[MARMAM] New publication - Tsai and Chang 2019 Pleistocene Eubalaena

Tsai, CH craniata at gmail.com
Sun Dec 29 00:42:44 PST 2019


Dear colleagues

We are very pleased to announce a new paper - describing a Pleistocene
*Eubalaena* (right whale) from Taiwan.

Tsai C.-H. and Chang C.-H. 2019. A right whale (Mysticeti, Balaenidae) from
the Pleistocene of Taiwan. Zoological Letters 5:37
doi:10.1186/s40851-019-0153-z

Abstract

Current patterns of biological distribution result from the deep past. Of
particular interest, some closely related species appear at high latitudes
of both hemispheres, but not in between, a pattern known as antitropical
distribution. However, the timing, pathway, and drivers of antitropical
distributions remain mostly unknown. Here we describe a new fossil, a left
tympanic bulla (part of the ear bones), from the Middle/Late Pleistocene
(0.78–0.01 mya, but not excluding the possibility of Holocene in age, as
the specimen was dredged from the sea bottom and the geological horizon
remains uncertain) of Taiwan. The tympanic bulla is diagnostic in baleen
whales, and this specimen shows morphological features that are identical
to extant *Eubalaena*, including: relatively large size (the
anteroposterior length is 117 mm); rectangular outline in medial view;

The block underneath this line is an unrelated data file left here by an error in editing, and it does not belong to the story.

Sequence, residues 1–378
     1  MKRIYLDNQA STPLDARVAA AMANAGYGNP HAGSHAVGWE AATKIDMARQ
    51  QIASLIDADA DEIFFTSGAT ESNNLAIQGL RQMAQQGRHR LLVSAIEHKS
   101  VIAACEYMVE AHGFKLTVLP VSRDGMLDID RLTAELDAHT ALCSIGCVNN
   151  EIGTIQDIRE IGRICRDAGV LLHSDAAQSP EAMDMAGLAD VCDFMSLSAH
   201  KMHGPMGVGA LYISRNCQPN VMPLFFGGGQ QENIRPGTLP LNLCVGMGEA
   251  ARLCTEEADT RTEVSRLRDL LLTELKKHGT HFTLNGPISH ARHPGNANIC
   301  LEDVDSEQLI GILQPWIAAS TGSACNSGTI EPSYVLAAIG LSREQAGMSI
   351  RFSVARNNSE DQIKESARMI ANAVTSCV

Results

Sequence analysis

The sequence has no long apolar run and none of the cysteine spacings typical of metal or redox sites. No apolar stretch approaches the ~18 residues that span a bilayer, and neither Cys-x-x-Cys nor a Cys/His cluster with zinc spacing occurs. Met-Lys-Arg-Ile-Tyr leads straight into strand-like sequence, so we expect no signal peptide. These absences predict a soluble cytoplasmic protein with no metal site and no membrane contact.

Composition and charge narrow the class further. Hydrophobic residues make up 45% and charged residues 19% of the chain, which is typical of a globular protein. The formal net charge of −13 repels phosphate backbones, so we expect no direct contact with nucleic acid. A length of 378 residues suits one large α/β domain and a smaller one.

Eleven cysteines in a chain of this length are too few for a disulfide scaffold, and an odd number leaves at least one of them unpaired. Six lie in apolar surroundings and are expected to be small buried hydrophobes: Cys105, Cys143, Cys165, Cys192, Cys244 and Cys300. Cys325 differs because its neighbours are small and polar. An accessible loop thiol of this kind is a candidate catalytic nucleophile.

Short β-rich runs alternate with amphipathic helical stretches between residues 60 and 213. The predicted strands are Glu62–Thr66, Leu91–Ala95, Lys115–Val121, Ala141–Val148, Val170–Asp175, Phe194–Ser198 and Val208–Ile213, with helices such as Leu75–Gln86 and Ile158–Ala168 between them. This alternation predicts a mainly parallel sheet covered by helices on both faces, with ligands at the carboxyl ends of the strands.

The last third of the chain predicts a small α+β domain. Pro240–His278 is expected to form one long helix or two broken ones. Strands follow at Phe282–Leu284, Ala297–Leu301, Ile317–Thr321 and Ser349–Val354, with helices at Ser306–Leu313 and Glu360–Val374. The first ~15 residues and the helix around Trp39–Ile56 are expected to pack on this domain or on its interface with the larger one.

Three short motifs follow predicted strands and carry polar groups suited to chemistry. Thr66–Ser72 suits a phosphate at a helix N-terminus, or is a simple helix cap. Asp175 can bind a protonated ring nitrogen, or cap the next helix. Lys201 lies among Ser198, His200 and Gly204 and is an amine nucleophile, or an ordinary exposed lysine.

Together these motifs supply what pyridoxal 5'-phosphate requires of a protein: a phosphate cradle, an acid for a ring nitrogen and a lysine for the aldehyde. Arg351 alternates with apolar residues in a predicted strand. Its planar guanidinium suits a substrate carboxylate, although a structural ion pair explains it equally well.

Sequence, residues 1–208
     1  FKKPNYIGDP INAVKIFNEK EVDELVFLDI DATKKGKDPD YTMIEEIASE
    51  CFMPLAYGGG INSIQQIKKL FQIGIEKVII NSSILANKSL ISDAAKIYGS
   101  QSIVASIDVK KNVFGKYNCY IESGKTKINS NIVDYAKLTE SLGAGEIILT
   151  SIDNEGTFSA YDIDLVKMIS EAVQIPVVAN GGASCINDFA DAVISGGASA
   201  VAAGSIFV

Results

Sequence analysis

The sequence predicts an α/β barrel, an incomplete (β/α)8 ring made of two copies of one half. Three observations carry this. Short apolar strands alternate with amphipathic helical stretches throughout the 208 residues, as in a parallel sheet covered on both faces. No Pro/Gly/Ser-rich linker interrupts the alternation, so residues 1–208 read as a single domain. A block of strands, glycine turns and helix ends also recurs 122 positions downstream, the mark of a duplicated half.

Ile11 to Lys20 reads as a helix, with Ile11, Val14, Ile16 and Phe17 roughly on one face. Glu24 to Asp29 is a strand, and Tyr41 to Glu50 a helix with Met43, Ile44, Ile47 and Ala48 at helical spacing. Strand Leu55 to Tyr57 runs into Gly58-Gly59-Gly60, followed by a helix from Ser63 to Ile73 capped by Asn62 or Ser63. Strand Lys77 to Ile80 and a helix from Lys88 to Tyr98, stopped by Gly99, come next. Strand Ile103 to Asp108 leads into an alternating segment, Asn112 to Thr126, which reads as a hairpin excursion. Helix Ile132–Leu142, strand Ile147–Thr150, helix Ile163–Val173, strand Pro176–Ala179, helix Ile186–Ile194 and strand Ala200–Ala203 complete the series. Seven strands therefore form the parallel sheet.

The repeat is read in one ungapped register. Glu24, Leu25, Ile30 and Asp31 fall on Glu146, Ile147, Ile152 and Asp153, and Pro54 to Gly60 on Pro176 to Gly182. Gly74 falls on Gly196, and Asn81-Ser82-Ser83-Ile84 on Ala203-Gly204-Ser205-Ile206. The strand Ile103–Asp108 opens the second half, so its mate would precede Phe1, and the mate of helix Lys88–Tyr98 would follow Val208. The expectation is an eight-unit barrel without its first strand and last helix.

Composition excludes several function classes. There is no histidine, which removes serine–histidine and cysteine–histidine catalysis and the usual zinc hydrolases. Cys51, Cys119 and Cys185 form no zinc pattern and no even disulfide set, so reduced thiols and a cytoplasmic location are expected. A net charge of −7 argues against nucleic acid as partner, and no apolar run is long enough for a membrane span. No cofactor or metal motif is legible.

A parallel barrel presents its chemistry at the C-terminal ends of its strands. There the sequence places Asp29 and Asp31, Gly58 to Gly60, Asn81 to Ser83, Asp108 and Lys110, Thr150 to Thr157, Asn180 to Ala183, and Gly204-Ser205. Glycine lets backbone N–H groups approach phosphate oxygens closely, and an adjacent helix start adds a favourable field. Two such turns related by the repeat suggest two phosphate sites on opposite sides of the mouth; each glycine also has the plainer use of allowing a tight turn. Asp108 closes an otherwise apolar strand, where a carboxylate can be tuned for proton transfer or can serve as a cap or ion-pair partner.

short anterior lobe, judging from the remaining of the lateral furrow;
squared anterior margin; prominent transverse crease on the involucrum;
transversely compressed in anterior view; well-developed and rounded outer
lip; and parallel involucral and main ridges. Although incomplete, the
morphological characters and overall similarity to extant *Eubalaena* allow
a reliable taxonomic assignment to *Eubalaena* sp. The occurrence of a
Pleistocene *Eubalaena* on the southern margin of the western North Pacific
is the first balaenid fossil evidence indicative of the biotic interchange
between two hemispheres leading to the origin of antitropical distribution
in the Pleistocene; alternatively, this specimen might merely represent an
extra-limital record of the North Pacific *Eubalaena*. Furthermore, this
find suggests that the *Eubalaena* interchange, being one of the largest
species displaying antitropical distribution pairs in the history of life,
likely took place along the western Pacific. Notably, this does not
preclude the *Eubalaena* interchange from other routes, such as the eastern
Pacific or the Atlantic Ocean, and future finds should test the scenario
for the biotic interchange between Northern and Southern Hemispheres of
*Eubalaena*.

The paper is freely accessible:

https://zoologicalletters.biomedcentral.com/articles/10.1186/s40851-019-0153-z

Alternatively, feel free to email me for a pdf copy or further discussion:

whaletsai at ntu.edu.tw or craniata at gmail.com

Happy holidays and happy new year.

Regards
Tsai

蔡政修(Cheng-Hsiu Tsai  さい まさのぶ)
Lab of evolution and diversity of fossil vertebrates(古脊椎動物演化及多樣性實驗室)
Department of Life Science, National Taiwan University(台灣大學生命科學系)
No. 1, Sec. 4, Roosevelt Rd., Taipei, 106-17, Taiwan(台灣 106-17 台北市羅斯福路 4 段
1 號)
Email: whaletsai at ntu.edu.tw; craniata at gmail.com; cheng-hsiu.tsai at otago.ac.nz
https://www.facebook.com/NTUWhaleTsai/?modal=admin_todo_tour
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